Car Inspection in Montana
Just because Montana does not require smog or emission checks on any vehicle, you should still keep yourself informed of the effects of pollutants and how you can help reduce the amount in our air.
How Vehicles Pollute the Air
Vehicle emissions are created when gasoline or diesel does not fully combust. Yet gas alone is not to blame for the pollutants that cloud our air. Emission controls, the design of your engine, and the improper care of your car are also culprits. Together, this combination leaves us with an atmosphere full of carbon monoxide, carbon dioxide, hydrocarbons, nitrogen oxides, sulfur oxides, and dangerous organic compounds. If that's not enough, this conglomeration of "secondary pollutants" create fine particulate (which increases the more our cars kick up dirt and dust) and ozone.
Cars are to blame for a lot of the carbon monoxide and hydrocarbon that pollutes our air. That's why it is so important to maintain your vehicle.
Montana Incentives for Eco-Friendly Driving
Montana doesn't require smog and emissions testing, but you still can take steps for cleaner, greener driving. Some of these steps even earn you perks specific to eco-friendly driving— such as tax breaks and auto insurance discounts. Learn more on our page on green driver incentives.
Tips for Keeping It Clean
- Even if your county does not require an emissions test, consider having one anyway to reduce pollution and get your car driving more miles per gallon.
- Consolidate the week's errands into fewer trips. This will save you time and money, as well as reduce the amount of emissions from your car if you narrow down the number of trips you take in your car.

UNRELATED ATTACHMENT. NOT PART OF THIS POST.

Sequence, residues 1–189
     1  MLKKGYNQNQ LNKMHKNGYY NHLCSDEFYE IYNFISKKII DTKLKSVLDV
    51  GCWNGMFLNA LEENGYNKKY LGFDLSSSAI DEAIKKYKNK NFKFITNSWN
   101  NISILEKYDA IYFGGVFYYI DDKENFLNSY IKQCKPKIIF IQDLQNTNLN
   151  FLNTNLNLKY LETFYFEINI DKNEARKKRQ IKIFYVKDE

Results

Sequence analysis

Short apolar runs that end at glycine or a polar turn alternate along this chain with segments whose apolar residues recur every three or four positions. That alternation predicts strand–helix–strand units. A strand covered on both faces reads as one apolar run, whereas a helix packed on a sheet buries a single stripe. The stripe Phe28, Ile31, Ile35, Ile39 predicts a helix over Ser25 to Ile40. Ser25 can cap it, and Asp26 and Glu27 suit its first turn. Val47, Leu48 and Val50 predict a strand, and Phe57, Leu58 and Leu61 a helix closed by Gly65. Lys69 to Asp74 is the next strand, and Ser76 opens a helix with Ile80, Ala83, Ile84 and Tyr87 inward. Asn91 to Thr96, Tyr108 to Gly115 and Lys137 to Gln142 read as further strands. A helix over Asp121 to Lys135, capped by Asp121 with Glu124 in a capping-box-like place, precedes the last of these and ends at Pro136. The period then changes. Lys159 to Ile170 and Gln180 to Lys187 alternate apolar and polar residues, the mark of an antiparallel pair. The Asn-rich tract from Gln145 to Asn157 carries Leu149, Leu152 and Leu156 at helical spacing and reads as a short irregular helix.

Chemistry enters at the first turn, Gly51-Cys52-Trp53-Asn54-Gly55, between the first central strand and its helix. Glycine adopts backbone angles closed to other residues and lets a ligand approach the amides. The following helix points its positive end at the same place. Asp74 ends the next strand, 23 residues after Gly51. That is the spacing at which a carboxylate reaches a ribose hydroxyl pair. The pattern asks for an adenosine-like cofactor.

- Spend hot summer days doing something other than refueling. During the heat of the day, ozone formation takes place. Therefore, refuel after 6 p.m. to keep smog-forming vapors out of the air.
- Listen for the first click of the gas pump when you are refueling, and stop pumping before you top off your tank. This will reduce the amount of smog-forming vapors emitted into the air.
- Tighten your gas cap until you hear it click, and you could be saving yourself from losing 30 gallons (due to evaporation) of gas per year and help keep our air a little more clean. In fact, 4,000 leaky caps alone create one ton of pollution.
- Turn off your engine if you know you'll be glued to the same spot for more than 30 seconds. Don't idle your vehicle unless you want to waste gas, pollute the air, and run the risk of damaging some engine parts.
For more information on the harm of emissions, how you can help reduce it, and how the government steps in to make a difference, visit the
EPA's Office of Transportation and Air Quality.
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